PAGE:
Marco Werman:  It turns out that an Iraqi surgeon removed shrapnel and bone fragments from your brain.  I mean, he saved your life, right?

Samia Nakhoul:  Yes, and this was at the third hospital.  They took me to this neurological hospital where I said, "I just need to have the operation here."  

 Why did the US military attack?  Samia (who is back in Iraq for Reuters) doesn't know.  May 13, 2008, some answers were supplied by veteran Adrienne Kinne when she appeared on Democracy Now!:

Adrienne Kinne:  One of the instances was the fact that we were listening to journalists who were staying in the Palestine Hotel. And I remember that, specifically because during the buildup to Shock and Awe, which people in my unit were really disturbingly excited about, we were given a list of potential targets in Baghdad, and the Palestine Hotel was listed as a potential target. And I remember this specifically, because, putting one and one together, that there were journalists staying at the Palestine Hotel and this hotel was listed as a potential target, I went to my officer in charge, and I told him that there are journalists staying at this hotel who think they’re safe, and yet we have this hotel listed as a potential target, and somehow the dots are not being connected here, and shouldn’t we make an effort to make sure that the right people know the situation?
And unfortunately, my officer in charge, similarly to any time I raised concerns about things that we were collecting or intelligence that we were reporting, basically told me that it was not my job to analyze. It was my job to collect and pass on information and that someone somewhere higher up the chain knew what they were doing.
AMY GOODMAN: Who was the officer in charge? Who did you tell?
ADRIENNE KINNE: My officer in charge for the duration of my mobilization was Warrant Officer John Berry.
AMY GOODMAN: Now, when you saw this list that you say, a list of targets, and Hotel Palestine was on it, why would you see this? Where were you? How did you pick up this piece of paper? 

ADRIENNE KINNE: It was actually an email. And I worked in a secure building, and we were given updates about what was going on. I actually am not sure why we were emailed this list of potential targets, and I’m not even sure in what context it was mailed — emailed to us. I would assume it was just an effort to let people know what was going on in the area, considering our mission. But the only reason now that I really remember that specific email is because I knew, having listened to journalists staying at the Palestine Hotel, talking with their families and loved ones and talking about whether or not they were safe and trying to reassure their family and co-workers and loved ones that they were safe, when I saw that hotel listed, I thought there was something that was going terribly wrong.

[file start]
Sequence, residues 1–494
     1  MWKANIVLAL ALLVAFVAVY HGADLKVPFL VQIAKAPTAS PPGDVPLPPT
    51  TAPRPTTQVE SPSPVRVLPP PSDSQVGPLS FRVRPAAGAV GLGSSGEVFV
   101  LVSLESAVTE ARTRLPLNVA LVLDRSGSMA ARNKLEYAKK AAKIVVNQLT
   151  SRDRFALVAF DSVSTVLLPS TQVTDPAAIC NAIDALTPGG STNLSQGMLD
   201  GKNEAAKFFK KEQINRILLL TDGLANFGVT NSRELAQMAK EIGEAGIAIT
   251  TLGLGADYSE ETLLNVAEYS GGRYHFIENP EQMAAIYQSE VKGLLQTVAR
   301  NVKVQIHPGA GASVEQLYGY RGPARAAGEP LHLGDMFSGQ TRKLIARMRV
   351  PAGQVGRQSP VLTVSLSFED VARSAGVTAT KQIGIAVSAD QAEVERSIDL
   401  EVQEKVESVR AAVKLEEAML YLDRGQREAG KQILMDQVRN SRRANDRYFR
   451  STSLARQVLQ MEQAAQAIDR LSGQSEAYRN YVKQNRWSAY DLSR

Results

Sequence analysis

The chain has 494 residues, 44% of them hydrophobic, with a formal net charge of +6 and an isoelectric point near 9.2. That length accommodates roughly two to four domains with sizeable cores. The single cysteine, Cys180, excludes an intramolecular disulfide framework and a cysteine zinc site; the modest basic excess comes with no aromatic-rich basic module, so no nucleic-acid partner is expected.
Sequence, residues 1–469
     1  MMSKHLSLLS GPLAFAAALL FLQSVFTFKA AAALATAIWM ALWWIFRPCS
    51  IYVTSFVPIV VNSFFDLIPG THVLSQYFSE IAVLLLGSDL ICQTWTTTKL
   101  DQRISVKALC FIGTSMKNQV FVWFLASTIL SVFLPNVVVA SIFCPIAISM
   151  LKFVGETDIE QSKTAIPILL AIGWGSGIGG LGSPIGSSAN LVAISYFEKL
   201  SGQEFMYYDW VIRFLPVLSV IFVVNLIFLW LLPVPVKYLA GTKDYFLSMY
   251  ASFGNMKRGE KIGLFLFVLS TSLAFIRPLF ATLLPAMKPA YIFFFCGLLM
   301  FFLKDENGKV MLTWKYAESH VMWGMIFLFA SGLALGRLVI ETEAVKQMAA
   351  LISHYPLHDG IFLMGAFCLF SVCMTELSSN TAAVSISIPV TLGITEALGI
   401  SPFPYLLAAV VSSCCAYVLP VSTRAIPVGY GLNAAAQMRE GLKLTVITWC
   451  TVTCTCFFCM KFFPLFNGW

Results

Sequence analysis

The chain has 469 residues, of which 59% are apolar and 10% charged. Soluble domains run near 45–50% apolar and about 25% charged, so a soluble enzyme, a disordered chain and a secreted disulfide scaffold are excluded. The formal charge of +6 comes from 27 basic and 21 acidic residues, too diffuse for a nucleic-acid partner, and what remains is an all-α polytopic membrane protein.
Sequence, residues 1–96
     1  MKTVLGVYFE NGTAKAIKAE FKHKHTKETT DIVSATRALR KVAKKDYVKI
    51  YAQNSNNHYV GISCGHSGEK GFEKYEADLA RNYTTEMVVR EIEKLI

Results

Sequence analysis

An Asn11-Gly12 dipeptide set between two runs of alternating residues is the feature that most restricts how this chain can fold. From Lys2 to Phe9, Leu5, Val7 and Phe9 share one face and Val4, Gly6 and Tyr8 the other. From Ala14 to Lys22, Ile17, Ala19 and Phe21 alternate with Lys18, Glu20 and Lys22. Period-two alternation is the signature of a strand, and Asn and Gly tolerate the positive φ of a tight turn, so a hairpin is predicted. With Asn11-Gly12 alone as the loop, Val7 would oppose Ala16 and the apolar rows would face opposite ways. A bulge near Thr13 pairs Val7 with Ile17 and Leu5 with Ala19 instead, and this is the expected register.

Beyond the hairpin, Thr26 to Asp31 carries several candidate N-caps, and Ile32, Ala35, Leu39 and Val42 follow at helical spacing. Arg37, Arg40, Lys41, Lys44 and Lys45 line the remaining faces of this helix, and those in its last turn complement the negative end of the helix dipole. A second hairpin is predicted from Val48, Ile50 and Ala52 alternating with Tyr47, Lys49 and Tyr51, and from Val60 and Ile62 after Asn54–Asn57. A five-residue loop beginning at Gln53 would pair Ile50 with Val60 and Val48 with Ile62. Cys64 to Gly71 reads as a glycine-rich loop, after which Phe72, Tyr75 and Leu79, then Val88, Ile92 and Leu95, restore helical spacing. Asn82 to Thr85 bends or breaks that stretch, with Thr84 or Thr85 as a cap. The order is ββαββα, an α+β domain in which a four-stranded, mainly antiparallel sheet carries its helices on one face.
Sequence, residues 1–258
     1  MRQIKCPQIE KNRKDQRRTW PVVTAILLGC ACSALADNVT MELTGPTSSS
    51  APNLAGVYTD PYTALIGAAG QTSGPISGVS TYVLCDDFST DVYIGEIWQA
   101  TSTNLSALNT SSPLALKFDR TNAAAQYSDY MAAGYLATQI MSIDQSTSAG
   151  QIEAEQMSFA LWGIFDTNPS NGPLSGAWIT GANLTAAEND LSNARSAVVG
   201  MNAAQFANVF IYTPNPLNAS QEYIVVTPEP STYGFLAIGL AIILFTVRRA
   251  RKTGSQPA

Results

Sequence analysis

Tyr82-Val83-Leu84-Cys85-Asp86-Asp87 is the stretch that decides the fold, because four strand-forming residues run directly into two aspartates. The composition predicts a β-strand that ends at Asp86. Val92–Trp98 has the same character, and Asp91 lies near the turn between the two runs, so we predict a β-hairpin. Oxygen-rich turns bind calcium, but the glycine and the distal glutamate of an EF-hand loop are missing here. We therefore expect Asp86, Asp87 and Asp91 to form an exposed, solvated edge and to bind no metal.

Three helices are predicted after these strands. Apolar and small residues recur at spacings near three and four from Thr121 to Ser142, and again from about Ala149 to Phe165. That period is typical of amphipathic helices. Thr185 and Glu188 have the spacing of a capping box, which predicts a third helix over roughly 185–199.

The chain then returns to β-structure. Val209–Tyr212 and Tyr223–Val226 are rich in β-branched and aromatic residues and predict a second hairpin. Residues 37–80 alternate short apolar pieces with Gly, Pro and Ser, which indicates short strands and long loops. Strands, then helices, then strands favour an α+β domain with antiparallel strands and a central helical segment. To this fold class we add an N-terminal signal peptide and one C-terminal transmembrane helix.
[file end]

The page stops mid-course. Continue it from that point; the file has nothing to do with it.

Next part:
It's amazing how that repeatedly gets ignored when people are supposedly discussing the attack on the Palestine Hotel.

Gypsies, tramps and thieves
We'd hear it from the people of the town
They'd call us gypsies, tramps and thieves
But every night all the men would come around
And lay their money down 
-- Cher's number one hit "Gypsies, Tramps and Thieves" written by Bob Stone

Murtada Taleb (Niqash) reports on the gypsy population in Iraq:

Just as they do in other countries, Iraq’s gypsies face discrimination and harassment. And despite miserable living conditions in Basra, the gypsy community there is growing.  

About 20 kilometres west of Basra, on the outskirts of the southern Iraqi city of Basra, there is a slum where ramshackle houses are built out of wrecked, rusting cars, stones, clay and buildings destroyed in war. If the inhabitants of these homes are lucky, they might have some mattresses for furniture, a stove and on rare occasions, even a television.

Local woman Hijaz lives here with her four children; she is a Hawasem, or gypsy. Hawasem means “decisive” in Arabic and is the word that former Iraqi leader Saddam Hussein used to use to describe the war he said he would fight against the US military. Now it’s used in an ironic way, to describe the gypsies, their slums and a variety of other illegal acts.

Hijaz was one of the first people to leave the province of Diwaniya after 2003 and the US-led invasion that toppled the regime of former Iraqi leader Saddam Hussein. She left because religious militias began to deliberately target gypsies in this area. She and other gypsies gathered here in this haphazardly built neighbourhood, a fair distance from the centre of the comparatively prosperous city of Basra and far from the eyes of officialdom.